Road to LA Rugby Sevens: A Brief Tutorial Of The Social And Political Overview Of California


By Washington Osiro

So as a compendium to the wonderful and informative piece for those scheduled to throng the “City of Angels” (as Los Angeles (LA) is called) for the US leg of the IRBS Seven’s, my good friend and philosophical foil Mukurima Muriuki aka “MXM” challenged me to pen a piece “educating folks on the history of California (CA) and its political structure….,” i.e., number of political offices, etc. so here goes:

So as a compendium to the wonderful and informative piece for those scheduled to throng the “City of Angels” (as Los Angeles (LA) is called) for the US leg of the IRBS Seven’s, my good friend and philosophical foil Mukurima Muriuki aka “MXM” challenged me to pen a piece “educating folks on the history of California (CA) and its political structure….,” i.e., number of political offices, etc. so here goes:

FULL DISCLOSURE: I am neither an expert on the Golden State’s history nor its politics, but I have lived here longer than anywhere else – including Kenya. I also went to college at the University of California’s (UC) San Diego (SD) campus – where I studied Political Science.

California’s official nickname “Golden State” was adopted in 1968 as a tribute to the state’s official flower – the Golden Poppy – that sprout each spring across the state. Gold is also Cali’s state mineral AND state color. As much as I am leery of American history, the state’s historians agree that it did not become part of America until 1847 as part of the treaty that ended the Mexican-American War.

In terms of its landmass, the Golden State’s 155,973 square miles makes it the third-largest state in the US behind Alaska (570,641) and Texas (261,914). However, and this is much to the chagrin of Texas, Texans, other red states, and their respective citizens, in terms of gross domestic produce – GDP, Cali has the largest economy in the country. In fact, if California were a stand-alone country, its economy would be the fifth- or sixth-largest economy in the world ahead of the United Kingdom, France, or India and behind Germany, Japan, China, and America.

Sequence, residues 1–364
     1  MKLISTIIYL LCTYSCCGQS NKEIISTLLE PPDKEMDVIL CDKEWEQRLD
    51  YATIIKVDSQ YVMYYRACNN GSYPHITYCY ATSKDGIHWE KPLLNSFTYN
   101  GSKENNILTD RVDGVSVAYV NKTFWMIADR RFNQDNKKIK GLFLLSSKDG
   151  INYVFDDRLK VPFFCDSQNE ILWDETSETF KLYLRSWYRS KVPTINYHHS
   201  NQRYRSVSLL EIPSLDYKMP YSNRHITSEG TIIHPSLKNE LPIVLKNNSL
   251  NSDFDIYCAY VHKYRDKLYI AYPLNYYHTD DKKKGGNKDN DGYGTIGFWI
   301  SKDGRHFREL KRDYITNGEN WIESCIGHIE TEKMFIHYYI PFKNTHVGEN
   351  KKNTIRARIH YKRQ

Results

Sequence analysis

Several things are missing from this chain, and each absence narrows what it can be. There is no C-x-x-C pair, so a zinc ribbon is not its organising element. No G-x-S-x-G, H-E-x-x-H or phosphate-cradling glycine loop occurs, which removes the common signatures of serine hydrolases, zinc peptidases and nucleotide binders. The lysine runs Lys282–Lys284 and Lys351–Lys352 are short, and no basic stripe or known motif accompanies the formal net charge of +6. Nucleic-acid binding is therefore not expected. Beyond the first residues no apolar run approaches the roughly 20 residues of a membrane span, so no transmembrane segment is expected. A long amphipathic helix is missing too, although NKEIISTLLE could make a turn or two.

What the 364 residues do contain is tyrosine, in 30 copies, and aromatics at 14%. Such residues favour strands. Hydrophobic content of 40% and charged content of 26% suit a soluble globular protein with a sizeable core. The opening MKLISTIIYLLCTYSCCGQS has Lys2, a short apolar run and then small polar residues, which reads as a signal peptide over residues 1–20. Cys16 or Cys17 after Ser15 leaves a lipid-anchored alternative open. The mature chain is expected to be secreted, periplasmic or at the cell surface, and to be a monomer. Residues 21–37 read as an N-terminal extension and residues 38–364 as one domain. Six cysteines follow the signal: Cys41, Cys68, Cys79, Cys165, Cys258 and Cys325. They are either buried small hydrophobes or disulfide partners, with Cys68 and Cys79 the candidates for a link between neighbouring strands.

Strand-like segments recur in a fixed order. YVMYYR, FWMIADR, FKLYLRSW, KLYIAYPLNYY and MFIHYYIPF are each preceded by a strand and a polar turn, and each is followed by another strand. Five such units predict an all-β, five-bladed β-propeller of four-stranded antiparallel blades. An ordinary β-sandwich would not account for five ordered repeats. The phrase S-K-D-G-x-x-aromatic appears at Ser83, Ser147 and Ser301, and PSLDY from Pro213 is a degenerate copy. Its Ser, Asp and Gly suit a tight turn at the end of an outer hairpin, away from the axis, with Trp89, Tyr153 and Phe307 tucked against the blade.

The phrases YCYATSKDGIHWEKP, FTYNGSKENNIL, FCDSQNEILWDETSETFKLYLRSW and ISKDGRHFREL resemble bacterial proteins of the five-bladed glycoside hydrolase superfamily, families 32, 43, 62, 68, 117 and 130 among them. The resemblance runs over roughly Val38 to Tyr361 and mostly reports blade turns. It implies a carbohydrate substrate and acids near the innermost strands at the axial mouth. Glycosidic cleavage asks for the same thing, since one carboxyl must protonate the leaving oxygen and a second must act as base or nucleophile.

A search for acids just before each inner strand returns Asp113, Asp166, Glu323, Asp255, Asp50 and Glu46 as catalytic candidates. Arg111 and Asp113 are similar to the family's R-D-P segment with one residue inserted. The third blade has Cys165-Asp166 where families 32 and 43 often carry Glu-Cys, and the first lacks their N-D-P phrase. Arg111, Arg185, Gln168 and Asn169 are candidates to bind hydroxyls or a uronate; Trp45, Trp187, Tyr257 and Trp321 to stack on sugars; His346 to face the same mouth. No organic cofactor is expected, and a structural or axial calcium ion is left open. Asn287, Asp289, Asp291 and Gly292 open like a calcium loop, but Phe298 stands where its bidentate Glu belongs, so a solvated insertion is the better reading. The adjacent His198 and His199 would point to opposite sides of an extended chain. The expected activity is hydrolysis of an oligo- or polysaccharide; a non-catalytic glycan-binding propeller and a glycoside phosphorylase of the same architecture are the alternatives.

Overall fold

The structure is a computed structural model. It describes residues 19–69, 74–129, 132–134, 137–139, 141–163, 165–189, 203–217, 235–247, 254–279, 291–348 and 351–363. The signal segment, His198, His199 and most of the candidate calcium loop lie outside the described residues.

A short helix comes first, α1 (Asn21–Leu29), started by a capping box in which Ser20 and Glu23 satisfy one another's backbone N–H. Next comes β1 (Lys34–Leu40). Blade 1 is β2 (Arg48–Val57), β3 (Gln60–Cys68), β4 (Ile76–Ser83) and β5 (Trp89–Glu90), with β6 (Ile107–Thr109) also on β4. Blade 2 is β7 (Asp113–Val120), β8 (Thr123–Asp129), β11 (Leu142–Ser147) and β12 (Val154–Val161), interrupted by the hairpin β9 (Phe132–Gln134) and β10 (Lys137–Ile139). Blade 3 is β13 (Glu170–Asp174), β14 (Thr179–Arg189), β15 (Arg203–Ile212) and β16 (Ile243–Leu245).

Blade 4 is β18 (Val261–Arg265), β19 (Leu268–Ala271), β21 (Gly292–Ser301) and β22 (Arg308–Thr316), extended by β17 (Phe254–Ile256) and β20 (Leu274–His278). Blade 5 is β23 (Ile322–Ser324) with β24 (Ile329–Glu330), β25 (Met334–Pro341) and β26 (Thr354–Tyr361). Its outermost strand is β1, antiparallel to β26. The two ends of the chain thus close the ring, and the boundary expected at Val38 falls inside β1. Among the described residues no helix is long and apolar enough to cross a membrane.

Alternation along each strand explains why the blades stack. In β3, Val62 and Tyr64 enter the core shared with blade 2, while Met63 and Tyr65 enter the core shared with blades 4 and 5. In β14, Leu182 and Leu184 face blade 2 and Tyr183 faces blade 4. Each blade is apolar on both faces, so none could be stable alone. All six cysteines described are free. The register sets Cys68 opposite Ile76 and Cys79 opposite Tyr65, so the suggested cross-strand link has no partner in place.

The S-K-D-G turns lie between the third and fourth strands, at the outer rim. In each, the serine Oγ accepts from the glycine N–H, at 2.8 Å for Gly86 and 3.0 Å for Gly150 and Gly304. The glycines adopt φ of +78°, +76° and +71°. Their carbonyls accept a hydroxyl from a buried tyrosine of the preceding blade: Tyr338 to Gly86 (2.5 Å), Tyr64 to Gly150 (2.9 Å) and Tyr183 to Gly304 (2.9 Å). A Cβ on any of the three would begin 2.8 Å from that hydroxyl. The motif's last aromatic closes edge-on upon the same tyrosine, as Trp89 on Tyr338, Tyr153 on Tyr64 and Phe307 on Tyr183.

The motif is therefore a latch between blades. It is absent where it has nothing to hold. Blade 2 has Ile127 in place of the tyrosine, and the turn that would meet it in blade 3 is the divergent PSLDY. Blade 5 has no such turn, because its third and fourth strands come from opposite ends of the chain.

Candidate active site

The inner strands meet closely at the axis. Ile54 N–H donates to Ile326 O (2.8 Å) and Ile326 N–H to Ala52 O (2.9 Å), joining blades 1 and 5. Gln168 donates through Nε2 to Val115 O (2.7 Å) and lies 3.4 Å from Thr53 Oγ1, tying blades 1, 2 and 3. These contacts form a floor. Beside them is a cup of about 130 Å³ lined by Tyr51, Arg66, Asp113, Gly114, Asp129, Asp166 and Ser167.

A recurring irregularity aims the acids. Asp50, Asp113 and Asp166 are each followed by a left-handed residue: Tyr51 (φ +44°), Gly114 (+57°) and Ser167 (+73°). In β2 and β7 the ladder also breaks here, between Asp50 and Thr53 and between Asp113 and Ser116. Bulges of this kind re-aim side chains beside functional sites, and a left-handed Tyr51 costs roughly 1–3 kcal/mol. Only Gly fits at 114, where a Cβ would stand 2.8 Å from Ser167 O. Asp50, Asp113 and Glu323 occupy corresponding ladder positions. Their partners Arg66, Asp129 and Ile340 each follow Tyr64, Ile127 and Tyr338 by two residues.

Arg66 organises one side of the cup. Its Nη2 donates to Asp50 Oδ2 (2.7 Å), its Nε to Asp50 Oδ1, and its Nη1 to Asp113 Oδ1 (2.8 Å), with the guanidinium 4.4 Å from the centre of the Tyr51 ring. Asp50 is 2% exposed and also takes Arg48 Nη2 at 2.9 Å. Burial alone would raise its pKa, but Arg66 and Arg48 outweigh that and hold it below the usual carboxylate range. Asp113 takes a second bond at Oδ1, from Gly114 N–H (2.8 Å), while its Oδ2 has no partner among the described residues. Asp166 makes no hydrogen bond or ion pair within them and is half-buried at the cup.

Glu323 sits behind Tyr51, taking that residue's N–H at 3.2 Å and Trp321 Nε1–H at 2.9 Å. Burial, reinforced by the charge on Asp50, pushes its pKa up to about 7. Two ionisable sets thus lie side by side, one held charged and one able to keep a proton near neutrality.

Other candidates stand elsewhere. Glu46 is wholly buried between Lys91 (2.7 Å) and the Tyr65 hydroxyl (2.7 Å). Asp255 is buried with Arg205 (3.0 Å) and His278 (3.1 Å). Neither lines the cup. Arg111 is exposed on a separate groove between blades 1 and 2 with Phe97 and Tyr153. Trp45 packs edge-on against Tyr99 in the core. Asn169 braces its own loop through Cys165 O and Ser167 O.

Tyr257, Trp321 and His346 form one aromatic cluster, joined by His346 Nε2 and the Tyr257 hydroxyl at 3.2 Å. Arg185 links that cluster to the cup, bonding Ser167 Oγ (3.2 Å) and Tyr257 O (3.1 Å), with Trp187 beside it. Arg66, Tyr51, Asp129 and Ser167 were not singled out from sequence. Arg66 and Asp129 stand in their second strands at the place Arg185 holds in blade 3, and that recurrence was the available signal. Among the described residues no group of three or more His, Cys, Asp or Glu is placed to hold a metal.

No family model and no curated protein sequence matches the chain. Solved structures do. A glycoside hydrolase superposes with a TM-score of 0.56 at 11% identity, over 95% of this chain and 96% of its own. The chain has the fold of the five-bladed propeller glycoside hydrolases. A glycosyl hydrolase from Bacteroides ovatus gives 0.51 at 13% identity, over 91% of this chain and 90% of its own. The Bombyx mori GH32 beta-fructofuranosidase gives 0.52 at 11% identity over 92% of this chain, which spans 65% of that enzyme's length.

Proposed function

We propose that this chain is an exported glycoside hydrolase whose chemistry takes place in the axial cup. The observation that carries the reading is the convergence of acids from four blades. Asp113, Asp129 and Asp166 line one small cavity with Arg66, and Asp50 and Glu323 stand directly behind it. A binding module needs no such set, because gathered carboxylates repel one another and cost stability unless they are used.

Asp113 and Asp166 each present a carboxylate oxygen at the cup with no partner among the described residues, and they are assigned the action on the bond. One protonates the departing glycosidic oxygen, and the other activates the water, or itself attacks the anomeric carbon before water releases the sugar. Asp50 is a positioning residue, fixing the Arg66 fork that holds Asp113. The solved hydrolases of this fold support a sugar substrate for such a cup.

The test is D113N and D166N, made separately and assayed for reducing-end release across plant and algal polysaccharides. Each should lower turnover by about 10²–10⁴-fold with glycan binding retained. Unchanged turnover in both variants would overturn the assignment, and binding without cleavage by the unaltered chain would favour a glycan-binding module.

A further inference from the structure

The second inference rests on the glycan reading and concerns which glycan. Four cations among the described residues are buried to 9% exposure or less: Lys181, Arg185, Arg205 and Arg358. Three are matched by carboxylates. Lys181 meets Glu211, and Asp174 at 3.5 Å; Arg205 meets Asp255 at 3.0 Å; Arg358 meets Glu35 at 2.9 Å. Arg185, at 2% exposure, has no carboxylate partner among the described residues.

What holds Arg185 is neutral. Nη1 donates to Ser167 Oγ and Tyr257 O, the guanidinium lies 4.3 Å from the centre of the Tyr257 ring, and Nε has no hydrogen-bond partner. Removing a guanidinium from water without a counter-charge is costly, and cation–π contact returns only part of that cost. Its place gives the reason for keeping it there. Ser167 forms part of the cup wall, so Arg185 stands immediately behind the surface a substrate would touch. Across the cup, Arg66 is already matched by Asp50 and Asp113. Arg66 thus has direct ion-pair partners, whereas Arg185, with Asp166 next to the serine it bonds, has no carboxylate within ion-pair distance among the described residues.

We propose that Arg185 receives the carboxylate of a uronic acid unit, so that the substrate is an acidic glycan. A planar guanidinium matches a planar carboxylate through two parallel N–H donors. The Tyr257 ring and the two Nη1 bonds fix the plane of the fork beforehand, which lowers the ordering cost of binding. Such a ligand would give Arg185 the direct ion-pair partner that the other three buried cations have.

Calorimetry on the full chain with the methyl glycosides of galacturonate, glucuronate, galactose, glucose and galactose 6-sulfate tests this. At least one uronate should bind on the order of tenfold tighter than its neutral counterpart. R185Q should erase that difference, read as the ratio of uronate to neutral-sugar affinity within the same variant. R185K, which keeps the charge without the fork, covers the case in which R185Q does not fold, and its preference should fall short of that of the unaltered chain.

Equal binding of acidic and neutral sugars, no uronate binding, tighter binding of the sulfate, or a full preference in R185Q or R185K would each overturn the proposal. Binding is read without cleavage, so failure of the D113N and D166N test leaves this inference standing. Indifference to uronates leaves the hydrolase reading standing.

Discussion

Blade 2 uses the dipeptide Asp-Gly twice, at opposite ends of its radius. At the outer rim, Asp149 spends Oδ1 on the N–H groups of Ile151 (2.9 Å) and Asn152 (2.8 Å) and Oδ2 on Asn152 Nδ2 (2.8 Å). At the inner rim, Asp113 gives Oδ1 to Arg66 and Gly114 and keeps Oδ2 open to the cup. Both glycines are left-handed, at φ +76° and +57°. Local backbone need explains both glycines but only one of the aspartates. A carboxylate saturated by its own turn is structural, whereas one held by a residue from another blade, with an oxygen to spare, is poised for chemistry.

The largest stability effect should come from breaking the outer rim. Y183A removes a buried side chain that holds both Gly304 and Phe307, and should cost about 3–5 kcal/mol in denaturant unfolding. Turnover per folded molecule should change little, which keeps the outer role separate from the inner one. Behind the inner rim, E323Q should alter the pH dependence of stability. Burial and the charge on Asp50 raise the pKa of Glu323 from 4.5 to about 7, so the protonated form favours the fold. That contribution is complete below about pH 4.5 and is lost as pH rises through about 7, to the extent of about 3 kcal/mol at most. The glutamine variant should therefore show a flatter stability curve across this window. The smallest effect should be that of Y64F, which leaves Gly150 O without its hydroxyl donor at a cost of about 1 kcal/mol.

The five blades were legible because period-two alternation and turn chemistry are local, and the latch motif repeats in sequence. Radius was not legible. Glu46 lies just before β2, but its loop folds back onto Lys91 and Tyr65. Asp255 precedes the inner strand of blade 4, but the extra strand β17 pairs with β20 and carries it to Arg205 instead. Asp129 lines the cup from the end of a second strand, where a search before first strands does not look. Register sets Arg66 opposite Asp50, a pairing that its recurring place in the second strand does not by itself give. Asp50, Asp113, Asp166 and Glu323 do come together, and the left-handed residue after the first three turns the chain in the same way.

California is also the most populous state in the Union with just under 40M (39,512,223) inhabitants – based on recent Census Bureau figures. This accounts for approximately 12% of America’s 330,150,668 inhabitants. The state’s 40M citizens generate an annual trove of goods, products, and services (GDP) totaling $2.5Trillion ($2,458,535M) or 13.3% of America’s 2015 $17.3T gross domestic produce total. There are some fun and revealing information to be gleaned from comparing California’s economy with those of the other states such as Texas ($1.6T), Georgia ($0.5T), Tennessee ($0.3T), Missouri ($0.29T), etc., – all red states whose GDP trails the Golden State’s. And to be clear, the stated GDP figures are dynamic, but the salient point is that California is a global power on its own.

(For comparison, Kenya covers an area of 224,081 square miles. It has 47.5M people and a GDP that’s just south of $0.1T or 1/25 that of California.) 

After 1994 when then-California Governor Pete Wilson supported the patently anti-immigrant initiative Proposition 187, California’s socio-political leanings have trended Democratic. This trend is emblematic of the saying, “As goes California, so does the rest of the country.” Of the last ten state governors, five of them were Republican, with the last one being actor/body-builder Arnold Schwarzenegger who was in office between 2003 and 2011. The current governor is Democrat Gavin Newsom, who was Lieutenant-Governor between 2011 and 2019. Newsom took over the governor’s mansion from another Democrat Jerry Brown. Before joining the state legislature, he was the Mayor of San Francisco before that. Each gubernatorial term lasts four years, and the governor is term-limited to two consecutive terms.

Like Texas, California’s demographics reflect the “browning of America” – a phenomenon described by William Frey (“Diversity Explosion: How New Racial Demographics are remaking America”) as the transformation of America racial and ethnic composition by its growing population of “new minorities,” i.e., Hispanics, Asians, and multiracial Americans—along with blacks, Native Americans, Pacific Islanders, and other groups.” Simplified, California is fast-becoming a “Minority Majority” state, i.e., a state where its numerical “minorities” – Hispanics, African-Americans, Asians, Native Americans, etc. will soon surpass the hitherto white numerical “majority.”